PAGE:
This is a complicated picture but I think there is some truth to what he's saying and what you're saying too. I trade 99% the futures because I call the entire direction. It works for me but I think there probably is a bigger "edge" in stocks but let me back up...

    E-minis - Favored by retailers
    I think the best game for retail trader is in the e-minis. No PDT rule, plenty of leverage, no stock specific risk and 24 hours markets. My mentor, Gary Smith, started with the e-mini and my other Dr. Steenbarger also traded them. For me, I think its the best thing that suites my personality. I haven't looked at a stock in years except to gauge the index. I see it as a great way to trade. However, I agree that developing an edge in this market is very difficult. It is a great game and probably the best game for the retailer.

    Stocks - Favored by props
    There are more games to play in stocks for sure. There are pairs or statistical arbitrage and Maverick wrote about the unique edge that is only possible by tape reading for NYSE listed stocks. It is possible to take a fundamental view or play a relative strength with more precision then futures, as well.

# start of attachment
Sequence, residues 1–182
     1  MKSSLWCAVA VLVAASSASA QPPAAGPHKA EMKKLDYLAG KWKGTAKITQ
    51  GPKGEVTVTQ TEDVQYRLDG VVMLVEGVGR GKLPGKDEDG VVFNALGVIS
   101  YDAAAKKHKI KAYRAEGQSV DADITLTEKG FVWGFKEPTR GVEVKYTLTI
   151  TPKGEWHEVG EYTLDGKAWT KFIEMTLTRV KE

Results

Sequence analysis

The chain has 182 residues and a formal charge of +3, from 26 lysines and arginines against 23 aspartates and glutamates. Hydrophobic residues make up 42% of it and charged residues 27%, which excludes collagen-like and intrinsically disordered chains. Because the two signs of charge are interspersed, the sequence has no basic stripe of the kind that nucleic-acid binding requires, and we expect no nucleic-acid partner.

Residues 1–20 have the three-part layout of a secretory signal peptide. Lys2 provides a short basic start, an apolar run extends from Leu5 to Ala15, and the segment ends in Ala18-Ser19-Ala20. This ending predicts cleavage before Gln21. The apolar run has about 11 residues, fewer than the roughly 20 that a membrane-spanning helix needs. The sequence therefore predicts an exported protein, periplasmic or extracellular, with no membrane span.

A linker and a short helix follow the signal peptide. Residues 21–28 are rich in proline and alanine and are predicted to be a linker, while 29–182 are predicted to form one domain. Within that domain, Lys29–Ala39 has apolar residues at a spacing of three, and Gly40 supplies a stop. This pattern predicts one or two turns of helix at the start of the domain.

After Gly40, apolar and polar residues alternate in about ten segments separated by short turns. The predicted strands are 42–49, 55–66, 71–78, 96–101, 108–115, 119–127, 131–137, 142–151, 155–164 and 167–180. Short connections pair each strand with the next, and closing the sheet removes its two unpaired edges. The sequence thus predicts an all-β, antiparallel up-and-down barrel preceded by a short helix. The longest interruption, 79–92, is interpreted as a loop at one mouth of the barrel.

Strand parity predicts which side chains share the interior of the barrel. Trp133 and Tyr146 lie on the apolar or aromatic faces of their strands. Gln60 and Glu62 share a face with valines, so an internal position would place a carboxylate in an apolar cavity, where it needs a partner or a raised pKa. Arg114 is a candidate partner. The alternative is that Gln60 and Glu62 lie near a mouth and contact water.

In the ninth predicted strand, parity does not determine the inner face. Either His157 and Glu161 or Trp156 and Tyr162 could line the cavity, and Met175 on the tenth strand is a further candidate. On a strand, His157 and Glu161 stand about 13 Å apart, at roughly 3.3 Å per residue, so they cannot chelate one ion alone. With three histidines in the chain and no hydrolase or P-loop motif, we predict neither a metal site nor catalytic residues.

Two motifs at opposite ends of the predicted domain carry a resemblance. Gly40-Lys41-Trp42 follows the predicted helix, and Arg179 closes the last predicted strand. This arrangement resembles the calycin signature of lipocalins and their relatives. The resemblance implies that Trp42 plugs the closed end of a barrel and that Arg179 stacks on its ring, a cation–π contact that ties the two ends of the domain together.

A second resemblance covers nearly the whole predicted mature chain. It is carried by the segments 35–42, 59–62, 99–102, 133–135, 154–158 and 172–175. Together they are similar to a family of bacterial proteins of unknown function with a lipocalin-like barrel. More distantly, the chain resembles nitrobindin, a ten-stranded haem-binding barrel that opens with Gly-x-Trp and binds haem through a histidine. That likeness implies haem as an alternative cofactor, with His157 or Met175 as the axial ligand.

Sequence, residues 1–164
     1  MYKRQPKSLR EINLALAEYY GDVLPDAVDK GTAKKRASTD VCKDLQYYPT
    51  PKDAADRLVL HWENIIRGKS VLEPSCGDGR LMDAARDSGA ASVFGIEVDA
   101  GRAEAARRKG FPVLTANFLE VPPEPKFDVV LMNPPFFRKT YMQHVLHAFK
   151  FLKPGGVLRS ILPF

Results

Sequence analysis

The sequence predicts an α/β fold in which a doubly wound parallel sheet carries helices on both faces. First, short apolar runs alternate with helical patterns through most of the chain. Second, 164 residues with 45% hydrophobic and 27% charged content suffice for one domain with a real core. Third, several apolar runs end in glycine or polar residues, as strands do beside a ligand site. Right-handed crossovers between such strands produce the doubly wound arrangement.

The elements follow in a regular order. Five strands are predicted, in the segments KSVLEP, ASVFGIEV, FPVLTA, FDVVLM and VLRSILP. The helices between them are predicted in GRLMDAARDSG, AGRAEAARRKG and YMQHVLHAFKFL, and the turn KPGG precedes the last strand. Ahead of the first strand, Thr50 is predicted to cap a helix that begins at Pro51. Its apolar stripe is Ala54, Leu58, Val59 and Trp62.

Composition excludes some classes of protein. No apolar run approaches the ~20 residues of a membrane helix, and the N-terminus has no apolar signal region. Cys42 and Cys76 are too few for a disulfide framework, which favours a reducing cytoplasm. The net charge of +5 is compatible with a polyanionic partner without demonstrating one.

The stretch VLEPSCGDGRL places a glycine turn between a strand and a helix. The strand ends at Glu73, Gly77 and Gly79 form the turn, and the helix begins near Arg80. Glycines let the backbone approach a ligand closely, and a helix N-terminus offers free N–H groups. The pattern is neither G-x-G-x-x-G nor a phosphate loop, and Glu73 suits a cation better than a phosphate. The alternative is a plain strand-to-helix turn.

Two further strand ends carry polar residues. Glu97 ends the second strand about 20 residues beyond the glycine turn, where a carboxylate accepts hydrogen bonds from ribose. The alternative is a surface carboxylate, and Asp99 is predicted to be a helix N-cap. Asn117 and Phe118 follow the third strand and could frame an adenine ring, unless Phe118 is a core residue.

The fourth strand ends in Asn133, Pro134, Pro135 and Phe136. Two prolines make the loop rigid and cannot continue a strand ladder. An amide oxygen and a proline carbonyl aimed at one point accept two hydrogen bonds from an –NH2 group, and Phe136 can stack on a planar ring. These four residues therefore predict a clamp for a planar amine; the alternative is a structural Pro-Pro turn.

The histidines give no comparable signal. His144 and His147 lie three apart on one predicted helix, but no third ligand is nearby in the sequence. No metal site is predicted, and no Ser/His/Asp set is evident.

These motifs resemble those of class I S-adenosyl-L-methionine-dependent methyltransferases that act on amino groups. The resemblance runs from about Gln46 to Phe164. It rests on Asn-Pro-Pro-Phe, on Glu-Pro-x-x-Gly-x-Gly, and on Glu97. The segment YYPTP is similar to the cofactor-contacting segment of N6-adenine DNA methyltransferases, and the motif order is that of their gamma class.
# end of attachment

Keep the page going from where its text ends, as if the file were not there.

Don't get me wrong: I think that trading the S&P is my favorite game. It is the game I enjoy it and would rather trade it then anything else (or a limited risk/reward proxy that tracks it). Sometimes though, I get an idea that isn't possible with the futures only -- trading the ETFs really opens up the possibilities for relative strength plays. So lot good with e-mini and ETF trading.